By Bill Simon
The bar/bat mitzvah marks a major milestone, a coming of age in ethical and ritual responsibility. It is also a time of celebration. So it was on Saturday, April 21, 2007, at Congregation Albert, a Reform temple, in Albuquerque, NM. Rabbi Joe Black complimented 13-year-old Alex on the dedication evidenced by flawless chanting of his Torah portion, a challenging section detailing religious response to physical ills.
There is a joyous and revealing photograph of Alex standing on the bima, with his father, Sam, to his right and mother, Jackie, to his left. Appropriately, the parents are kvelling. Jackie has a hand on Alex’s elbow. Discretely, with a right hand on the bottom of the scroll, Sam helps his son support the Torah, which can grow heavy. Tallit drape parents and son. Despite his modest height, several inches less than that of his 5’4” mother and dwarfed by his 6’4” father, Alex beams with happiness, purpose and a preternatural confidence.
In his bar mitzvah speech, Alex announces ambitious goals: “We all need to realize that there are people out there who may be suffering, and we all need to try to do our part to relieve that suffering when we can… I want to be able to use my love of the game of baseball to be a good example and a good person… who plays for the love of the game, never quits trying to give my best and is a good role model for all of the kids who look up to baseball players.” Many bar mitzvah boys have made similar declarations. For Alex Bregman, they came true. A wonderland beckoned.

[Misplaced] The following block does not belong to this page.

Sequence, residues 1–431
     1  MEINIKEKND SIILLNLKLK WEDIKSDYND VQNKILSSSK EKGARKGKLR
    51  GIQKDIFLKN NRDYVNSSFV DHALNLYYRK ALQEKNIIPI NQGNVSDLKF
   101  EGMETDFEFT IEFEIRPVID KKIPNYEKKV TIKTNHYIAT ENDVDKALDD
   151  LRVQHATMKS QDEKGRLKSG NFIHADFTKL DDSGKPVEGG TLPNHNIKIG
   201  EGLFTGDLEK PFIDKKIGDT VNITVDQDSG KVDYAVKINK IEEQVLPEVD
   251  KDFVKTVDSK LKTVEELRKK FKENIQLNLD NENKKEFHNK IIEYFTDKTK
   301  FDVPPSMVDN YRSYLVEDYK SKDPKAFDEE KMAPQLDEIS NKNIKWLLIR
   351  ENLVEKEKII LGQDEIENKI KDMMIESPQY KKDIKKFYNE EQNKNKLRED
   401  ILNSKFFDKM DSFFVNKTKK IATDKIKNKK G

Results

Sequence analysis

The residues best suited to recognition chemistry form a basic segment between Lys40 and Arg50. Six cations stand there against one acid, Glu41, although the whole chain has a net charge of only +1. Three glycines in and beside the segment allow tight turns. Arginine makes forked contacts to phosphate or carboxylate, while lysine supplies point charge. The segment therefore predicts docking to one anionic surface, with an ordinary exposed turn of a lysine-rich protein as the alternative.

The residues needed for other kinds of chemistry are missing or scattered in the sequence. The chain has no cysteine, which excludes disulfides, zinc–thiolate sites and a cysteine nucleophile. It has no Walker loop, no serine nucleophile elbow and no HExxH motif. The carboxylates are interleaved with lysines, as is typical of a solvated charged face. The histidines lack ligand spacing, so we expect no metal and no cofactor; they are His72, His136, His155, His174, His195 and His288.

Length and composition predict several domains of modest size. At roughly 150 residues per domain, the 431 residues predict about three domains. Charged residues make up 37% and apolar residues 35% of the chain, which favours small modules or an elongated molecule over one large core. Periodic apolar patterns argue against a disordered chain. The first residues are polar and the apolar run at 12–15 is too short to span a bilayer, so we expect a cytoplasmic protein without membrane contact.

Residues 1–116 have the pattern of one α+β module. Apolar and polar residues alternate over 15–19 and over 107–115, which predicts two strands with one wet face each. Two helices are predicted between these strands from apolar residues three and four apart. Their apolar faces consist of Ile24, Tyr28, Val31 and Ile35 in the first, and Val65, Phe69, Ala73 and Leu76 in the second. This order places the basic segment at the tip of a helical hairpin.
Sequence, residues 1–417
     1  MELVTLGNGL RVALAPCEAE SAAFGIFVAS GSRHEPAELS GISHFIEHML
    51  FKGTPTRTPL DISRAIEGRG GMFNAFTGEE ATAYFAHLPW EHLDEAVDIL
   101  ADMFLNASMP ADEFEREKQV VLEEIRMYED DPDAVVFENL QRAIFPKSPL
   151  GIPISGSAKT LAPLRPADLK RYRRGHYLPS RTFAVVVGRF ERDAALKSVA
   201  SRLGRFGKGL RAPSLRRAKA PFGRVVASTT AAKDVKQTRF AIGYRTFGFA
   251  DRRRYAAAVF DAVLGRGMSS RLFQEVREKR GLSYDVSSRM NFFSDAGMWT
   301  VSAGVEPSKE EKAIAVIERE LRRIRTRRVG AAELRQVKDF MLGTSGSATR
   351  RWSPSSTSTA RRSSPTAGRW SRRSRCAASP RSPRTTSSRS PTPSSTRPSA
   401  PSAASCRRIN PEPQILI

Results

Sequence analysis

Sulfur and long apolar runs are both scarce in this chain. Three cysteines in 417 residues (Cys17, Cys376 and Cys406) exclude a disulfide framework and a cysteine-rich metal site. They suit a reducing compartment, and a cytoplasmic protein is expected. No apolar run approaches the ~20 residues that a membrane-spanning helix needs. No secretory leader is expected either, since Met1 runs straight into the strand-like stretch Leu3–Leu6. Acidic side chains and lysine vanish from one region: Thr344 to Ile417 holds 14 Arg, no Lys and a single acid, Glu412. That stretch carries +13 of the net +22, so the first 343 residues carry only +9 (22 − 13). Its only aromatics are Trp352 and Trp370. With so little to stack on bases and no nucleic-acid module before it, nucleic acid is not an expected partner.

Augmenting relentless practice, tireless conditioning and natural athletic gifts, Alex had the advantage of family support. Had Alex come of age in the early 20th century, immigrant parents would have probably despaired over his baseball obsession. In 1903, for example, a letter to Abraham Cahan, editor of The Jewish Daily Forward, from a distraught parent expressed fears held by many: “[W]hat value does a game like baseball have? Nothing more than becoming crippled comes out of it… They run after the stupid ball made of hide… I want my boy to grow up to be a mensch, not a wild American runner. He’s making me miserable; I can’t take it anymore.”
By the time of Alex’ birth in 1994, however, assimilation, economic mobility and ethnic standard bearers had long since rendered most American Jews sport friendly. The Bregman family has a notable baseball lineage. Alex’s grandfather, Stanley Bregman, a sports enthusiast and general counsel for the Washington Senators, persuaded Bob Short to buy the team, resulting in the franchise moving to Texas. Stanley frequently brought his sons, Sam and Ben, into the team clubhouse where manager Ted Williams befriended the boys. Sam and Ben later played freshman baseball at the University of Arizona. Subsequently, Sam and wife, Jackie, shared partnership of a law firm, management of an NBA developmental team and liberal Democratic activism, while raising their three children with a commitment to social justice. And they encouraged son Alex’s baseball quest.